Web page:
I'm So Excited
A couple of ironies infuse this Pedro Almodòvar comedy.
The first is that the film detours from its melodrama-rich premise in favour of a pretty silly comedy.
Almodòvar has always fought the good fight keeping the woman's melodrama alive with gorgeously produced, female-centric efforts such as Volver, Talk to Her and Broken Embraces.
With I'm So Excited, Almodòvar gifts himself with a premise straight out of a big-budget Hollywood melodrama along the lines of Airport. An intercontinental flight carrying a variety of passengers -- one is famous, one is notorious, one is eccentric and a couple are criminals -- is en route from Madrid to Mexico City when the landing gear fails. Suddenly, passengers and crew must face the fact they may not live to see their final destination.
But the Spanish director perversely concocts a frothy, campy comedy -- Almodòvar at his most madcap.
While airborne, the situation comes to the attention of the plane's bisexual pilot and co-pilot -- yes they're both bisexual -- and filters to the first-class, and ultra-gay flight attendants, Joserra (Javier C°mara), Fajas (Carlos Areces) and Ulloa (Raù Arévalo).
They proceed to surreptitiously drug the second-class passengers and crew with a sedative, a strategy that apparently serves Almodòvar's prejudice that only people rich enough to afford first class will be interesting to the movie audience.
Bruna (the lovable Lola Dueñas of Volver and Broken Embraces) is a virgin psychic who can't intuit how this crisis will resolve, but she knows she would like to lose her virginity before it does. Norma (Cecilia Roth) is a former madam who has collected a library of incriminating evidence against Spain's most rich and powerful. Mr. Más (José Luis Torrijo) is a disgraced CEO who is facing prosecution, but in this life-and-death situation, is haunted by his alienation from his daughter, who now works as a dominatrix. Ricardo (Ricardo Galán) is a playboy movie star whose efforts to make amends to a girlfriend have strange repercussions down below.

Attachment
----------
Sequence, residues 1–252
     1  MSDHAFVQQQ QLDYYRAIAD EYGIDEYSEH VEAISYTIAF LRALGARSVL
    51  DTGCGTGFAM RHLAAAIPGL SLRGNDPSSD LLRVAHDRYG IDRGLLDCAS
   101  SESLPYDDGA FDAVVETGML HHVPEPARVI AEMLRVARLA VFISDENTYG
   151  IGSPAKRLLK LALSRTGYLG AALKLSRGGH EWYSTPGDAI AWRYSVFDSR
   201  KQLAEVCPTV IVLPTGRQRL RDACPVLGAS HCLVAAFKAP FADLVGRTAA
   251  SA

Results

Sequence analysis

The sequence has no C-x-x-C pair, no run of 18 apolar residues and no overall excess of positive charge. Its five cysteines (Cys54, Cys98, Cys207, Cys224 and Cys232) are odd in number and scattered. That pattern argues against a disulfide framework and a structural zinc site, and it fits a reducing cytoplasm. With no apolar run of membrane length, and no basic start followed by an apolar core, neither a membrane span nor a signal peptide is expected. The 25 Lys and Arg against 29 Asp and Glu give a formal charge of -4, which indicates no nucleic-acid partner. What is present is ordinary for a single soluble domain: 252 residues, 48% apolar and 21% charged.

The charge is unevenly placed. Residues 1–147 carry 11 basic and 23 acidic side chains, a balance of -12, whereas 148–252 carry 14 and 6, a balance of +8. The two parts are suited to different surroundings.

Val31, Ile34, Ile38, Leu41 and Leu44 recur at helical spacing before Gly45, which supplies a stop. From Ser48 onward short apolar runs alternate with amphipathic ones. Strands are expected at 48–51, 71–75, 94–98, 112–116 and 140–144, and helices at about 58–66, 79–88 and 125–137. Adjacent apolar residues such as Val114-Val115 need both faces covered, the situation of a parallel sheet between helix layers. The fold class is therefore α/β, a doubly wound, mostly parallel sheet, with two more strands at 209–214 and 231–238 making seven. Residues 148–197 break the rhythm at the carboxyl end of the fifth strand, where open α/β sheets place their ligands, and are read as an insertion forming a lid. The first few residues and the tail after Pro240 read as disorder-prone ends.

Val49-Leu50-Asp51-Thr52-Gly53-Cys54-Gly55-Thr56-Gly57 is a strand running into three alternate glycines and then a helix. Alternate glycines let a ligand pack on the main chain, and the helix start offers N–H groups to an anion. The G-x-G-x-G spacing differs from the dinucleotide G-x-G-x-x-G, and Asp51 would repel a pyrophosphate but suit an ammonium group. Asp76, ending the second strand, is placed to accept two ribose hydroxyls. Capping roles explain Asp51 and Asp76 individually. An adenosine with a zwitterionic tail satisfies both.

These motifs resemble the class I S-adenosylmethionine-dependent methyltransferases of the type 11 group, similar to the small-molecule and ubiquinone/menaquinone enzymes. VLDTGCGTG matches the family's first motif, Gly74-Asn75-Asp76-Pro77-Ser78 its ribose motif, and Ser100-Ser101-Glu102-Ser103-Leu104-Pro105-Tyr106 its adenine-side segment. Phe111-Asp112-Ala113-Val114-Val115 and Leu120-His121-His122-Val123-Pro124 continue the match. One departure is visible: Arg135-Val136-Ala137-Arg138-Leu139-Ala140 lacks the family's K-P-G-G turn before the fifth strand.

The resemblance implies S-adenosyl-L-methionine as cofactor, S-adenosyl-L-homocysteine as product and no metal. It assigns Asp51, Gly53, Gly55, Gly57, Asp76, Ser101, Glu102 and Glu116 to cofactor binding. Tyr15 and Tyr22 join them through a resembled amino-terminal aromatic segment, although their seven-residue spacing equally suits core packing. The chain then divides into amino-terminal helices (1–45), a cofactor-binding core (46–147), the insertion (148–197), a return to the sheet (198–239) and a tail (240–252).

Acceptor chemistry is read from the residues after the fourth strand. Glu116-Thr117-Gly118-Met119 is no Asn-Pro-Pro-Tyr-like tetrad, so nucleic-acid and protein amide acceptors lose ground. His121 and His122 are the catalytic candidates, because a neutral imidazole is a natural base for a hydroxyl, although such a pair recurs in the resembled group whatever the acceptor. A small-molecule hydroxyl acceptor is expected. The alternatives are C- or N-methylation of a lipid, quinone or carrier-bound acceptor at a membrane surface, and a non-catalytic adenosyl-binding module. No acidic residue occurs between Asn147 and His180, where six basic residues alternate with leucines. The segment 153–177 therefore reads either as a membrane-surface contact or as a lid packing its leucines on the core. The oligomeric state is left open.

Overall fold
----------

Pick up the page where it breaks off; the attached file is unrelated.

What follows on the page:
The second irony of I'm So Excited is that the women are so much more interesting than the men. Almodòvar has always written interesting females, but given that so may of the male characters are gay or bisexual, it's dismaying how they come off as caricatured compared to the inevitably fascinating Almodòvar femmes.
All in all, this is a light, silly, pansexual summer comedy that might be all the more appreciated in this bitter winter. ** 1/2 out of five
Percy Jackson: Sea of Monsters
This second film in the Percy Jackson series is, like the first, a somewhat belaboured attempt to wrangle the targeted kid audience into classic mythology.
Percy (Logan Lerman) is the bastard son of Poseidon -- imagine Perseus as a member of a boy band -- on a mission to protect Camp Halfblood, a refuge for the offspring of gods and humans like himself.
When that protected turf is breached, Percy seeks the Golden Fleece, a mystical skin that can cure any ill, in the Bermuda Triangle, a.k.a. the sea of monsters. Along with his usual buds (Brandon T. Jackson as a satyr, Leven Rambin as a warrior-woman, Alexandra Daddario as a goddess of the smokin' hot variety), Percy learns he has a half-brother who is also a cyclops (Douglas Smith). A much larger and more dangerous cyclops bars their way to the Golden Fleece.
Director Thor Freudenthal takes the directing reins from Chris Columbus and delivers a fairly satisfactory adventure in which big monsters -- including a gold mechanical bull and a hippocampus -- are far more impressive than the humanoid creatures. (The three oracles, who all share a single eye, are especially annoying.)
Watch for a cameo by Nathan Fillion as Hermes, the operator of a demi-god delivery service. Fillion gets to make a joke targeted particularly to Firefly fans, proving the movie's definition of classic evidently encompasses both ancient mythology and contemporary cult TV. ** 1/2 out of five